Relationships of cardiovascular phenotypes with healthy weight, at risk of overweight, and overweight in US youths

Haidong Zhu, Weili Yan, Dongliang Ge, Frank A. Treiber, Gregory A Harshfield, Kakota Gaston Kapuku, Harold Snieder, Yanbin Dong

Research output: Contribution to journalArticle

22 Citations (Scopus)

Abstract

OBJECTIVE. This study aimed to evaluate comprehensively the cardiovascular phenotypes of cardiovascular disease-free youths at risk of overweight, in comparison with healthy weight and overweight. METHODS. Casual and ambulatory blood pressure measurements, noninvasive hemodynamic profiles, pulse wave velocity, left ventricular structure and function, and overnight sodium excretion were examined in a cohort of US black and white youths (n = 972; mean age: 17.6 = 3.3 years). RESULTS. The occurrence of at risk of overweight was ∼17% in either black youths or white youths. In white youths, there was a ∼2-mm Hg increase in casual systolic blood pressure for each increasing step in the 3 BMI categories (healthy weight, 109.5 ± 0.5 mm Hg; at risk of overweight, 111.5 ± 0.6 mm Hg; overweight, 113.5 ± 1.1 mm Hg). Ambulatory systolic blood pressure showed a similar increase with the increase in BMI. A blunted nocturnal decline in ambulatory diastolic blood pressure with the categorical BMI increase was observed in black youths. In both racial groups, cardiac output and stroke volume were significantly enhanced sequentially from healthy weight to at risk of overweight to overweight. In black youths, both casual and ambulatory heart rate increased significantly with the increase in BMI. Moreover, there was a linear increase of left ventricular mass index from the healthy-weight group to the at risk of overweight group, with the overweight group having the highest value. In white youths, carotid-dorsalis pedis pulse wave velocity increased significantly as the BMI increased. Regardless of race, overnight sodium excretion showed a significant increase from healthy-weight subjects to overweight subjects, with at risk of overweight subjects having intermediate values. CONCLUSIONS. Youths at risk of overweight, compared with healthy-weight youths, seem to have increased cardiovascular risks. Our data suggest that the status of at risk of overweight already has clinical implications in youths.

Original languageEnglish (US)
Pages (from-to)115-122
Number of pages8
JournalPediatrics
Volume121
Issue number1
DOIs
StatePublished - Jan 1 2008

Fingerprint

Phenotype
Weights and Measures
Blood Pressure
Pulse Wave Analysis
Sodium
Cardiac Volume
Left Ventricular Function
Cardiac Output
Stroke Volume
Healthy Volunteers
Cardiovascular Diseases
Heart Rate
Hemodynamics

Keywords

  • Arterial stiffness
  • At risk of overweight
  • Blood pressure
  • Hemodynamics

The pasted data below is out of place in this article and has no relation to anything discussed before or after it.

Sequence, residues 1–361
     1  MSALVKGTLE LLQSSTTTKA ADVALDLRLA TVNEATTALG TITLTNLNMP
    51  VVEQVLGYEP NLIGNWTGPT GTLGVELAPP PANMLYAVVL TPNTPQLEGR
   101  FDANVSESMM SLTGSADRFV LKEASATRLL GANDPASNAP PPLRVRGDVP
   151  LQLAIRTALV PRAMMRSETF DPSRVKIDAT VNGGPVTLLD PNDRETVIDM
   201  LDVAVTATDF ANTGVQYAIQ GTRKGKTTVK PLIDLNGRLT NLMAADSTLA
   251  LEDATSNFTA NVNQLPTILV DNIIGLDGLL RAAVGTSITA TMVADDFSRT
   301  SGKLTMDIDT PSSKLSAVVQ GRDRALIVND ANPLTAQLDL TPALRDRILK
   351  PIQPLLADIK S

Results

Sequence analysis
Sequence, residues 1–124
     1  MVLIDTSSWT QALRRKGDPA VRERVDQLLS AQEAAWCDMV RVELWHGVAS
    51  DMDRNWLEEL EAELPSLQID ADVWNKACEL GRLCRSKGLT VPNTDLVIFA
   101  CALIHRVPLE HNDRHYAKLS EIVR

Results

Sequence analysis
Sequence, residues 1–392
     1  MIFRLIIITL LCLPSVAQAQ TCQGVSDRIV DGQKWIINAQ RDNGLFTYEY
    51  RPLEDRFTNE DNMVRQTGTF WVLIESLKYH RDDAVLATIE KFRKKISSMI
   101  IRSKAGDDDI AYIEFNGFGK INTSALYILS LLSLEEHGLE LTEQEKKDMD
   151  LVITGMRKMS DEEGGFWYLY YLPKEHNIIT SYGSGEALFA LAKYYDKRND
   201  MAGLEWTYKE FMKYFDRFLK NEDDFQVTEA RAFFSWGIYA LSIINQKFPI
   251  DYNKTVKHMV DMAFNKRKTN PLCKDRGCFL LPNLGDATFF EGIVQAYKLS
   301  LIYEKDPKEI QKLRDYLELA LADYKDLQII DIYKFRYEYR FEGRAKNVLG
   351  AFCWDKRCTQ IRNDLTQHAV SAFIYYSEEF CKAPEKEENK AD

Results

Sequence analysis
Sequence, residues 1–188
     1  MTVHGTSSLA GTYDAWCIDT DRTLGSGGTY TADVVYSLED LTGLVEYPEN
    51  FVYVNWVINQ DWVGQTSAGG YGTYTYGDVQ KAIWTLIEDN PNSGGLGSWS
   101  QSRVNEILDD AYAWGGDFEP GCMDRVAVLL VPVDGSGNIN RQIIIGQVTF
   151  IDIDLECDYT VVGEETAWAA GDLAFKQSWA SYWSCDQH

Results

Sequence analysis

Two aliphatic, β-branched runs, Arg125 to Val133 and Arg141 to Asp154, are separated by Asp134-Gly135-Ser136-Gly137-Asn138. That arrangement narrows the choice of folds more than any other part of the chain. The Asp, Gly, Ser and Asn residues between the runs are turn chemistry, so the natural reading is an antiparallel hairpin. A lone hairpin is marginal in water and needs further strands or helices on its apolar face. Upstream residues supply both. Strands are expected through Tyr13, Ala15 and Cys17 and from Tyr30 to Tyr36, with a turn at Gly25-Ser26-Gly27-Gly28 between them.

• Left ventricular structure and function
  • Youths

ASJC Scopus subject areas

  • Pediatrics, Perinatology, and Child Health

Cite this

Relationships of cardiovascular phenotypes with healthy weight, at risk of overweight, and overweight in US youths. / Zhu, Haidong; Yan, Weili; Ge, Dongliang; Treiber, Frank A.; Harshfield, Gregory A; Kapuku, Kakota Gaston; Snieder, Harold; Dong, Yanbin.

In: Pediatrics, Vol. 121, No. 1, 01.01.2008, p. 115-122.

Research output: Contribution to journalArticle

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abstract = "OBJECTIVE. This study aimed to evaluate comprehensively the cardiovascular phenotypes of cardiovascular disease-free youths at risk of overweight, in comparison with healthy weight and overweight. METHODS. Casual and ambulatory blood pressure measurements, noninvasive hemodynamic profiles, pulse wave velocity, left ventricular structure and function, and overnight sodium excretion were examined in a cohort of US black and white youths (n = 972; mean age: 17.6 = 3.3 years). RESULTS. The occurrence of at risk of overweight was ∼17{\%} in either black youths or white youths. In white youths, there was a ∼2-mm Hg increase in casual systolic blood pressure for each increasing step in the 3 BMI categories (healthy weight, 109.5 ± 0.5 mm Hg; at risk of overweight, 111.5 ± 0.6 mm Hg; overweight, 113.5 ± 1.1 mm Hg). Ambulatory systolic blood pressure showed a similar increase with the increase in BMI. A blunted nocturnal decline in ambulatory diastolic blood pressure with the categorical BMI increase was observed in black youths. In both racial groups, cardiac output and stroke volume were significantly enhanced sequentially from healthy weight to at risk of overweight to overweight. In black youths, both casual and ambulatory heart rate increased significantly with the increase in BMI. Moreover, there was a linear increase of left ventricular mass index from the healthy-weight group to the at risk of overweight group, with the overweight group having the highest value. In white youths, carotid-dorsalis pedis pulse wave velocity increased significantly as the BMI increased. Regardless of race, overnight sodium excretion showed a significant increase from healthy-weight subjects to overweight subjects, with at risk of overweight subjects having intermediate values. CONCLUSIONS. Youths at risk of overweight, compared with healthy-weight youths, seem to have increased cardiovascular risks. Our data suggest that the status of at risk of overweight already has clinical implications in youths.",
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